George Monbiot is always a good read to cheer you up…
For the first time in my life I resent paying my taxes. Until now I have seen this annual amputation as a civic duty – like giving blood – necessary to sustain the life of a fair society. Suddenly I see it as an imposition. Its purpose has reverted to that of the middle ages: subsidising the excesses of a parasitic class. A high proportion of the taxes I pay will be used to bail out companies which, as the Guardian’s current investigation shows, have used every imaginable ruse to avoid paying any themselves.
I think that for many people this is the final blow: the insult which seals their alienation from the political process.
Feeling invigorated to prepare those tax returns? How about participating in a Provincial Election in BC? How about some good old fashioned local civic engagement?
[ad#200-left]The longer that politicians believe that they are above public critisicm, or that they are somehow in a better position to understand the role of mega-corporations and whether these should be “bailed-out” or not, the longer that they will be seen as out of touch and mis-representing the constituents.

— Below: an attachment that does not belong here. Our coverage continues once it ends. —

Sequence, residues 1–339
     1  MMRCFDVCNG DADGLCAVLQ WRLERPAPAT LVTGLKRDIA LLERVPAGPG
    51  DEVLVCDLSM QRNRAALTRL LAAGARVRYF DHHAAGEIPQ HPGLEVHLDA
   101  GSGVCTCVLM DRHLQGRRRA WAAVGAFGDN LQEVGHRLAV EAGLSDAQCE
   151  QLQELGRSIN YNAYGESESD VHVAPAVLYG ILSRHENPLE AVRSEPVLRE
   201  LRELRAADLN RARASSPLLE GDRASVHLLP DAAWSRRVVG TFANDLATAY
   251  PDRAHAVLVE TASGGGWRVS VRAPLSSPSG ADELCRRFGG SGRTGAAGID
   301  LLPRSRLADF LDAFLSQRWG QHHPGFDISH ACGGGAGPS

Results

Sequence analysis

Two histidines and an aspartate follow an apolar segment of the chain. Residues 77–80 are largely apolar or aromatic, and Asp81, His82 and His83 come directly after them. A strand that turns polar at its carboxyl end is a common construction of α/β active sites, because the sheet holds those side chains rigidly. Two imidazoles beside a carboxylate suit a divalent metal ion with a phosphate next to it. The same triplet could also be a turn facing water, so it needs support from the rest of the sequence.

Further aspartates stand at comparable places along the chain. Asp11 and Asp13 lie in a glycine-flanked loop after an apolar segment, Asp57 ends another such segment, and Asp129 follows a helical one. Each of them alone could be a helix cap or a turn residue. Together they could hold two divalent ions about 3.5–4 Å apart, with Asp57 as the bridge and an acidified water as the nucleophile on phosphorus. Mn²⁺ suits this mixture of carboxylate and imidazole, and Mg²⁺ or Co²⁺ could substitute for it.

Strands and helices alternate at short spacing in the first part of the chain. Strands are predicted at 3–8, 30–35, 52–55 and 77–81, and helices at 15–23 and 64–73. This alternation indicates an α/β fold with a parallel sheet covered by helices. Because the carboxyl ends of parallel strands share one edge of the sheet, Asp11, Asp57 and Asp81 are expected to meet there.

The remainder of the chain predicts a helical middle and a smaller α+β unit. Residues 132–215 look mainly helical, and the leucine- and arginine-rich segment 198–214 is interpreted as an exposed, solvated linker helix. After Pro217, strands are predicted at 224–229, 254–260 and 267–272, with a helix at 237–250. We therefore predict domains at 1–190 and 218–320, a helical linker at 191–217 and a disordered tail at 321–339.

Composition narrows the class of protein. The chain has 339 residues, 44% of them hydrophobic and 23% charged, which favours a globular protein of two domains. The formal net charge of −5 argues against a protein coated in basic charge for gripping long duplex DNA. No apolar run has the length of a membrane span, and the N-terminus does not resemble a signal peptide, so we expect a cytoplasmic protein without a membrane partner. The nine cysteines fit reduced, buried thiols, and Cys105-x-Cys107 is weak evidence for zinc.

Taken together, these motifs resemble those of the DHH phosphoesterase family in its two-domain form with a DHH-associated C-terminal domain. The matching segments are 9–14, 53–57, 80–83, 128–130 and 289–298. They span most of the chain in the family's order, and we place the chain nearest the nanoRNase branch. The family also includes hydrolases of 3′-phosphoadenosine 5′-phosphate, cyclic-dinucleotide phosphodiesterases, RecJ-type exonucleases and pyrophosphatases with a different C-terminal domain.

I’m not particularly pro or anti government. I’ve been on the pro side, over four years in the defense force proves that, as well as my current position in municipal government. However, it is easy to feel negative about it all as democratically elected governments prop up corporations and continue to spend millions and sometimes billions on wars all about oil. The toughening of regulations relating to small scale meat production are a classic example of unnecessary government interference, especially when it is the large scale producers that seem to cause the most harm, (think Maple Leaf Foods).
Does the political process need to review it’s role in supporting un-sustainable business practices?